I’m sure you are helping many people in their profession with such cool posts!

    • August 4, 2010 at 11:38 am

      Many thanks for your kind words, Parth.

  6. July 31, 2010 at 9:50 am

    Great post, Mansi!!!

    I follow all of those, though, of course, we’re all human, so I make the occasional mistake. Nothing that’s embarrassing, though.

    The one I don’t follow as religiously as the others is #1, but I do make sure of the timing before I do that. I’ve never (to my knowledge, anyway) used an emoticon at an inappropriate moment.

    And I don’t use them very often. WAY less often than I do in personal emails.

    Words to live by!

    • August 4, 2010 at 11:38 am

      Thanks, Dave. Glad it proved useful. And I can use an emoticon here to append to the response :-) That’s the key, though, for young people to understand which forums allow for which online mannerisms.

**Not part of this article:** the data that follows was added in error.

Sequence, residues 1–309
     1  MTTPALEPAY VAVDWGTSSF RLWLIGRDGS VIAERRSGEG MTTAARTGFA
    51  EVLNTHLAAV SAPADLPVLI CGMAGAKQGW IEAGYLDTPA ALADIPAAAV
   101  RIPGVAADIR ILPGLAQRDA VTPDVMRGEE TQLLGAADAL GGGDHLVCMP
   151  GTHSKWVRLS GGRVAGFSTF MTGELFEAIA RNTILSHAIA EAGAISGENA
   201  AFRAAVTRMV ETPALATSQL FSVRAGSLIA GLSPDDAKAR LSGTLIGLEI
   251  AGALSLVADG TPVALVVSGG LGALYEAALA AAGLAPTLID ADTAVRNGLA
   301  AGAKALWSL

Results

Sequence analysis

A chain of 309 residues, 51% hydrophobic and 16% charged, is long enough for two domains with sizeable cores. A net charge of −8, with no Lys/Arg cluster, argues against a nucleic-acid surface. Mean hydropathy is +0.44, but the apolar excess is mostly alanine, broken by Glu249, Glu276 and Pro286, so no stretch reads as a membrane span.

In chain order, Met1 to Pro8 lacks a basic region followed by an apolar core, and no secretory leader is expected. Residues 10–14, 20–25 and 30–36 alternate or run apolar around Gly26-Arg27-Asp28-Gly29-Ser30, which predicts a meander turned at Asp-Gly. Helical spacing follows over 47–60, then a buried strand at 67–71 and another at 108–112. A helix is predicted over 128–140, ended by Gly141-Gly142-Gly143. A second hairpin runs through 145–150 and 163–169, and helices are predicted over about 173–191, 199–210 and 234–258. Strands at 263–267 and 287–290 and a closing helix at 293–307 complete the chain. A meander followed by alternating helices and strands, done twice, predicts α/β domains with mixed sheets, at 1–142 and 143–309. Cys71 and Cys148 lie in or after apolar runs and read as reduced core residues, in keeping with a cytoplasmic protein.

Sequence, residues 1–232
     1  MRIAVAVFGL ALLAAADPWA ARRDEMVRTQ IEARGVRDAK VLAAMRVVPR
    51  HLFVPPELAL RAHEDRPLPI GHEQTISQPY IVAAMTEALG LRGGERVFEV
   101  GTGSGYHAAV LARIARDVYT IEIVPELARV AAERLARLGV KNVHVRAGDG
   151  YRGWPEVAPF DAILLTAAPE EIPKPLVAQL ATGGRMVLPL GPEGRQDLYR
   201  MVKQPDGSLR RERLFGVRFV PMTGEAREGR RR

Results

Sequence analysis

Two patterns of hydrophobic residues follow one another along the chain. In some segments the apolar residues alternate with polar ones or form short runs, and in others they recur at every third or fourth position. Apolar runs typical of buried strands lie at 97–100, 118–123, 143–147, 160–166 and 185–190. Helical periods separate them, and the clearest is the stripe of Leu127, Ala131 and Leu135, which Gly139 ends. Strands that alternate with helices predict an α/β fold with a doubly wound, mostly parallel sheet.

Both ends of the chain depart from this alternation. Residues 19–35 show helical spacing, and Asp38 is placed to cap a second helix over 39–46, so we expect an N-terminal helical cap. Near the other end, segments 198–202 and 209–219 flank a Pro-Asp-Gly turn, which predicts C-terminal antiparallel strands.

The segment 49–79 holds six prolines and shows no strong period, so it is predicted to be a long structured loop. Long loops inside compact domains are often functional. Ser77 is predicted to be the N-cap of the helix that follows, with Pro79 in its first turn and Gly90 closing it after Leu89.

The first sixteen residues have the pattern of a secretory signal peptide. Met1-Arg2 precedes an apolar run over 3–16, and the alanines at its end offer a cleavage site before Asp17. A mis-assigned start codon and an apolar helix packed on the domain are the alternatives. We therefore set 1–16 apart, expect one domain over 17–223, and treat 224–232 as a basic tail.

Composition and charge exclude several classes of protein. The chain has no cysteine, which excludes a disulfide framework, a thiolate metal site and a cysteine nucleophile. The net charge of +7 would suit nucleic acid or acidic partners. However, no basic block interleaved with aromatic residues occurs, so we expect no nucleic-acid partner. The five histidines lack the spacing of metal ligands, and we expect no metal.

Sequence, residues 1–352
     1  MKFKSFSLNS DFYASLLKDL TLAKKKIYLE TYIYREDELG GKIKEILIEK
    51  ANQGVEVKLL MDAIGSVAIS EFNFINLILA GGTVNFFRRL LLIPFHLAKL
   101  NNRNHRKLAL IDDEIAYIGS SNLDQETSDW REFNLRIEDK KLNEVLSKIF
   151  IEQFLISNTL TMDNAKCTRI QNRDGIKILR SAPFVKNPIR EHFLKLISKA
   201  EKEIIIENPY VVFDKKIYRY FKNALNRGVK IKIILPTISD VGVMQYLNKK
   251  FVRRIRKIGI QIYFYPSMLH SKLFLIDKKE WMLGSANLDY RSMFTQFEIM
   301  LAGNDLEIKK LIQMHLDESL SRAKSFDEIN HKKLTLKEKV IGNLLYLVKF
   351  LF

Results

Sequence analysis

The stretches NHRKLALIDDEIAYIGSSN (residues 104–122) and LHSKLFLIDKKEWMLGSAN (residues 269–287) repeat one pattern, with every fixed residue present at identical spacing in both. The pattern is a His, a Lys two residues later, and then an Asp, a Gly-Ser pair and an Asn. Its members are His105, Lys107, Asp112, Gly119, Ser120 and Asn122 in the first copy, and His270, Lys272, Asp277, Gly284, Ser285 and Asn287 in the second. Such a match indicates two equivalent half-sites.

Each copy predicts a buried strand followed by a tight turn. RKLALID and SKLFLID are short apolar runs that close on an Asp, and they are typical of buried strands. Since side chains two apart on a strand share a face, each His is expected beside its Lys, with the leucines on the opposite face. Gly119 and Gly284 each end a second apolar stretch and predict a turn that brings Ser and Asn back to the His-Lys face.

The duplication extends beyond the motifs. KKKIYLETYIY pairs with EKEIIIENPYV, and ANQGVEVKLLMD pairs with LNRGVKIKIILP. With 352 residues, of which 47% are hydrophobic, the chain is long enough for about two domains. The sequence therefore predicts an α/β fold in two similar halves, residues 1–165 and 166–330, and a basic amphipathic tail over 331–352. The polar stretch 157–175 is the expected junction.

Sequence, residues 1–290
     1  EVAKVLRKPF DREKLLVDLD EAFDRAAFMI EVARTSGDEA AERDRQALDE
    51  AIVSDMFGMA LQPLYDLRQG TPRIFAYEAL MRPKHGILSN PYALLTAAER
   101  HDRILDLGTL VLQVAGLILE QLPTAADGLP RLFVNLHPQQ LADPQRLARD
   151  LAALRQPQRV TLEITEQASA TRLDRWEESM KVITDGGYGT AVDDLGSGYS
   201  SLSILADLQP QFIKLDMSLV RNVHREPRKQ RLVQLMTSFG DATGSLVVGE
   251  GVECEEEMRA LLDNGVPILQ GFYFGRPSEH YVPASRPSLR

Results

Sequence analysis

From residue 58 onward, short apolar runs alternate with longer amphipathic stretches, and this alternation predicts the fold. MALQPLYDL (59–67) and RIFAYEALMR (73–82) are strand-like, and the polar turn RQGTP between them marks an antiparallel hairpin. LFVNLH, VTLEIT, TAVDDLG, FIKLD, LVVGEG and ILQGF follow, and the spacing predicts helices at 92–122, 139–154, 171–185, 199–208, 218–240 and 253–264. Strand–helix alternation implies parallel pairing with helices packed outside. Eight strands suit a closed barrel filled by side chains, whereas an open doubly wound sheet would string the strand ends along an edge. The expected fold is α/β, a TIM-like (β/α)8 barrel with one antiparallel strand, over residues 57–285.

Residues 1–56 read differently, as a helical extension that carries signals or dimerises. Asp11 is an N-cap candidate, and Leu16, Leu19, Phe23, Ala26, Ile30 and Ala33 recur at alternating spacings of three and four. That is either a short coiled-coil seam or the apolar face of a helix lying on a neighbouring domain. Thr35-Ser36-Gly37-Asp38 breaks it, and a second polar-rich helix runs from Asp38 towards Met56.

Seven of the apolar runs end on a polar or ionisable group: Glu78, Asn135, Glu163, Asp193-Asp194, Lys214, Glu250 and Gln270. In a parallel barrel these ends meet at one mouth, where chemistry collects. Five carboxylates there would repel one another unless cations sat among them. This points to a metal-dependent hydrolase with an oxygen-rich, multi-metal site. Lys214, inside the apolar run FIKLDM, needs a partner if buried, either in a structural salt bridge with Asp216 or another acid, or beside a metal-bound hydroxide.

7. August 1, 2010 at 2:41 pm


    A very essential note to today’s young crowd. Another one: Some enthusiastic individuals like to be very familiar with you and resort to sending forwards which is a strict no-no. And the signing at the end should also be appropriate and not very casual.

    Joy always,

    • August 4, 2010 at 11:37 am

      Thanks, Susan — that’s a good tip. Also, I’ve seen people say “cheers” or “ciao” when signing off — the more appropriate professional way of signing off an e-mail is to say, “Sincerely,” or “Regards” or use “Best” if you think the other two are too formal.

What’s your 0.02?